On the basis of the relative leg positions one could assume that the elephant in is trotting. However, trot is a running sequence, and elephants generally do not run. Although Asian elephants (Elephas maximus
L.) can move at speeds up to 25 km/h and at this maximal speed some features of their locomotion conform to certain definitions of running 
, their usual motion is walking. Although the fastest gait used by elephants has been variously described as a walk, amble, trot, pace, rack or a running walk, even fast moving elephants maintain the same walking foot-fall pattern (lateral sequence: -LH-LF-RH-RF-) and always keep at least one foot in contact with the ground 
. Consequently, elephants do not trot. This is the reason why we considered the picture in as a walking depiction, rather than a trotting sequence. On the other hand, would be a correct motion depiction, if it represented a trotting elephant. In this case the error rate of prehistoric walking depictions would decrease, which could strengthen our main conclusion, that prehistoric walking depictions are more accurate than the modern ones.
On the basis of the leg attitudes could, in principle, depict a trotting horse. However, because the fore legs of trotting horses are never lifted so high, and the angle between the femur and tarsus cannot be nearly 90° this should be a walking horse. This is evident from the series of pictures taken of trotting horses by Muybridge (1887), for example.
The horse leg poses of cavalry statues are often symbolic: an elevated right forefoot, for instance, might indicate that the rider (e.g. a general) died in combat 
. Such symbolic depictions can result in erroneous walking illustrations. We admit that, of course, in our present work there is some speculation, because we could not ask the prehistoric or modern artists why they have composed certain drawings and depicted quadrupeds in a particular way. We presented here an optimal and simple way to compare one aspect, namely the accuracy of quadrupeds in a walking mode of locomotion. In this respect, it was irrelevant whether the artists’ intention was to show an animal in a natural or unnatural pose.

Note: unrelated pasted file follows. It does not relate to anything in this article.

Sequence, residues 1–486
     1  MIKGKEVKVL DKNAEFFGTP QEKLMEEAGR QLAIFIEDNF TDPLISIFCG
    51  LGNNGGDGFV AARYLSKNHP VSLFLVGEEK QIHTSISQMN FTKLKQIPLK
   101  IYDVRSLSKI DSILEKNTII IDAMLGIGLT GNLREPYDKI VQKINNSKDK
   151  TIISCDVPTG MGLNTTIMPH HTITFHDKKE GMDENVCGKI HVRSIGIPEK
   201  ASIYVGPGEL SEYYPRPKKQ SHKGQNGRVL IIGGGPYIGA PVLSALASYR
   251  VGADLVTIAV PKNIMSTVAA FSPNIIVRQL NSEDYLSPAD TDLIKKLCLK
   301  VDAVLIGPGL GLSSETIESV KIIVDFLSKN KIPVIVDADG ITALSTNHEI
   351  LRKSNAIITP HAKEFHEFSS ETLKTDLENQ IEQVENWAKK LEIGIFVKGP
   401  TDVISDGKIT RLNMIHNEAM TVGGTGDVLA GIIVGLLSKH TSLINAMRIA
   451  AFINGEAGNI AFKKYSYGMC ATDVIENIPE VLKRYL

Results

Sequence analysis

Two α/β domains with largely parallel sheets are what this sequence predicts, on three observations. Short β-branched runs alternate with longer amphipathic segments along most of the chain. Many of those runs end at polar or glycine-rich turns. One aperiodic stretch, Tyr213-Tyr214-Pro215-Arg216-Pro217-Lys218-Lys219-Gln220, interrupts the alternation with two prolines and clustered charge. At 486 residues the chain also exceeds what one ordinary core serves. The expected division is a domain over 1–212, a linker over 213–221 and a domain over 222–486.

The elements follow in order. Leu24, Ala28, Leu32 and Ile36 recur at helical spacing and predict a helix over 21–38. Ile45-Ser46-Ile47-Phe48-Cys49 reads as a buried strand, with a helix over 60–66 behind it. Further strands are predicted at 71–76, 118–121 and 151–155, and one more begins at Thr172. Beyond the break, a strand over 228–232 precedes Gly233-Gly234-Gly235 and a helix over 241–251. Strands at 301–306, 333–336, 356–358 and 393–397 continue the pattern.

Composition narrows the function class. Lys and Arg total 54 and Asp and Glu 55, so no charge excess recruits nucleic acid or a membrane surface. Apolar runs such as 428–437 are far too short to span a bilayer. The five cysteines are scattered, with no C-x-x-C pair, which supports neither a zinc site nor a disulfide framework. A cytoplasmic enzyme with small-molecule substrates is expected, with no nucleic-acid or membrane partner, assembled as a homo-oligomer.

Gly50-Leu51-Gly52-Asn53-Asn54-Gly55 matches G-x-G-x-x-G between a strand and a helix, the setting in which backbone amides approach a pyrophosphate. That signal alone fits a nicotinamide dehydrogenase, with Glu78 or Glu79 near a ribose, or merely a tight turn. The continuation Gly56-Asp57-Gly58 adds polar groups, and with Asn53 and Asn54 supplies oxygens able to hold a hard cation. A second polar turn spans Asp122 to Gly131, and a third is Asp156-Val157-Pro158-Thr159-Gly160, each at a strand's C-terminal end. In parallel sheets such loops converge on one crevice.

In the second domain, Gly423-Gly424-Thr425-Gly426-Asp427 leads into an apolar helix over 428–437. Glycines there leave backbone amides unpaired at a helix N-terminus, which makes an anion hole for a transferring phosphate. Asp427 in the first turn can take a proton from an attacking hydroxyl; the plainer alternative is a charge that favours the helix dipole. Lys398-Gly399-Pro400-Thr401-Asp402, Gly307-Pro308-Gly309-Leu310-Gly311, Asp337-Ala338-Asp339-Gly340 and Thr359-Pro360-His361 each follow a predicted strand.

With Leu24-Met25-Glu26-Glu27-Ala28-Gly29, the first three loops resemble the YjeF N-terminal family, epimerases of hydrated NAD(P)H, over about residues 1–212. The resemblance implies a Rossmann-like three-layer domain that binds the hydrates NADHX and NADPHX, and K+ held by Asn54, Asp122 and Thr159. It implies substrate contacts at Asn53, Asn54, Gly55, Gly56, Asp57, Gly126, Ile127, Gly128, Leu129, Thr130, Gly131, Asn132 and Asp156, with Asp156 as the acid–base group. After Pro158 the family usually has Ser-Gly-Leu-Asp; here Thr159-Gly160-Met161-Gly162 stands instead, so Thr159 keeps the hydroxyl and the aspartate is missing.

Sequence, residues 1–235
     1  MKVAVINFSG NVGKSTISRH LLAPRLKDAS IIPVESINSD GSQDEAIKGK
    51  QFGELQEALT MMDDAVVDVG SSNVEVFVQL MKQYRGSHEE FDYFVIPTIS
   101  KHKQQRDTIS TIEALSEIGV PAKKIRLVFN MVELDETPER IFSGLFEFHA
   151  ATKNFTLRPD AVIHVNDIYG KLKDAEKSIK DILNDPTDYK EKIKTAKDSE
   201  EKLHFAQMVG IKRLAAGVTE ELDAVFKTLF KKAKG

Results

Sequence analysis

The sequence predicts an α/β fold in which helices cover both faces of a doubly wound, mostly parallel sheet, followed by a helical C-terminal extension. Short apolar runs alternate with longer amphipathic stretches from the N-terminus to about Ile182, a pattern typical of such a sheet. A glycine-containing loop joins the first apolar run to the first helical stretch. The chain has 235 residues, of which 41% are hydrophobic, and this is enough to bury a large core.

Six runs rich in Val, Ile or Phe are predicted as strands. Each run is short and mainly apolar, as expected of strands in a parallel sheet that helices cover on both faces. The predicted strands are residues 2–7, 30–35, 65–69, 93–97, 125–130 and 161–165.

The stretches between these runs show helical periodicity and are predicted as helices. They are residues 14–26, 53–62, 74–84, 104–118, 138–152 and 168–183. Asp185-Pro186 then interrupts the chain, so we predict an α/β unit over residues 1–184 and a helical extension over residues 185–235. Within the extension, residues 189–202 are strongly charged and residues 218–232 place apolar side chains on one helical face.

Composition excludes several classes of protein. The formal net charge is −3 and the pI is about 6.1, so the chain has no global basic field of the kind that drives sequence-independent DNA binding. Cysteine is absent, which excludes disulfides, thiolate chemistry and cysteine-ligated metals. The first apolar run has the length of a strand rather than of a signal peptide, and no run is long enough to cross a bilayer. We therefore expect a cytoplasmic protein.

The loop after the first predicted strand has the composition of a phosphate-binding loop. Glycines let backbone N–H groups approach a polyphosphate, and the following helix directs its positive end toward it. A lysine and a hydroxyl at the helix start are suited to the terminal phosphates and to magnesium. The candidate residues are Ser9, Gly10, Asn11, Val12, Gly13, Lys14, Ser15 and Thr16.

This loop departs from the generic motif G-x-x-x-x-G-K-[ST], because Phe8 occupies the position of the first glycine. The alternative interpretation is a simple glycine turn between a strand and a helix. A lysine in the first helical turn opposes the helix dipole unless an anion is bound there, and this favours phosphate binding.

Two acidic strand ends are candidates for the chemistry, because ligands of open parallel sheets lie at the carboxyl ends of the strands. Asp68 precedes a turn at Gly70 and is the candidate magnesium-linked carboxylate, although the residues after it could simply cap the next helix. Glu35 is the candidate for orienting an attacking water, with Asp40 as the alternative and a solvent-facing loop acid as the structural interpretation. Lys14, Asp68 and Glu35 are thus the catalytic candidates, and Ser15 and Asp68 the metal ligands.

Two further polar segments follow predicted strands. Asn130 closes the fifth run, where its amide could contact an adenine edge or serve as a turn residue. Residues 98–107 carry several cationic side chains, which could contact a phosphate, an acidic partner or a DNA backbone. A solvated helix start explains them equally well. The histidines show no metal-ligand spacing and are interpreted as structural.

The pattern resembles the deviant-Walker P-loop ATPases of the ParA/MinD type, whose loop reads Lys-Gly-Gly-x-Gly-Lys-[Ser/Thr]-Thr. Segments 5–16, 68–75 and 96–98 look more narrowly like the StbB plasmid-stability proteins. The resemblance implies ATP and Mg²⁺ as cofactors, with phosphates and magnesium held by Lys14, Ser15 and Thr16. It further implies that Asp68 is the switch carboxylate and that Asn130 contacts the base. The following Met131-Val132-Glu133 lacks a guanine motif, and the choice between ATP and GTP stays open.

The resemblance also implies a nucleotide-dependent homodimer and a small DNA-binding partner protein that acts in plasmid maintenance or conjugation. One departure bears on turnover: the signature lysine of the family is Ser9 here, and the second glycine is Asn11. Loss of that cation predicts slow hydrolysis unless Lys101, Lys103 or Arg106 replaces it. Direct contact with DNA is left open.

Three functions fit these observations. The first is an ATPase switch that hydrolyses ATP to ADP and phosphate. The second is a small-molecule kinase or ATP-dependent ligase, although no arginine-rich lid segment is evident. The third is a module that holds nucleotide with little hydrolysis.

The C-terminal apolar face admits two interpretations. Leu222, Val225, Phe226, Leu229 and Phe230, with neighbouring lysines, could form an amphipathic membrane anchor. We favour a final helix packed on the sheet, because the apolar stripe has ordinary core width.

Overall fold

The depiction of animals dates back to the prehistoric era, when people used cavepaintings and carvings to illustrate the animals they hunted. Since the observation of animals was not merely a pastime, but a matter of survival, we can suppose that compared to artists of latter eras, when people were not as directly connected to nature, the creators of such cavepaintings and carvings observed their subjects better and thus they depicted the walk of the animals in a more life-like manner. This is, in fact the conclusion of our examinations.
The likelihood of pure chance can be calculated from the unity walking matrix with a single case in its every cell: In this case the numbers of correct (grey cells) and incorrect (white cells) quadruped walking illustrations are Ncorrect
16 and Nincorrect
44, resulting in an error rate of r
73.3% corresponding with mere chance. Hence if an artist chose purely randomly the leg postures in a quadruped walking illustration, that is selected randomly from the walking matrix (), then the leg attitudes would be erroneous with a chance of 73.3%.
The 8×8 walking matrix of the stride of the horse walking from left to right.
The lowest rate of error in quadruped walking illustrations analized by us, was found in cave art 46.2%, which is close to the value found by Horvath et al
having examined the walking illustrations in natural history museums, anatomy text-books and toy figurines (46.6%). This near 50% value does not mean that prehistoric men illustrated quadruped motion by chance as we have just stated. Compared to the 73.3% value the 46.2% rate of error is fairly low, which shows that 53.8% of the prehistoric illustrations are correct and that prehistoric man was an apt observer. This is understandable since their hunting lifestyles were strongly dependent on the quadruped animals they hunted, and prehistoric artists might merely depicted the animals as they observed them during hunting.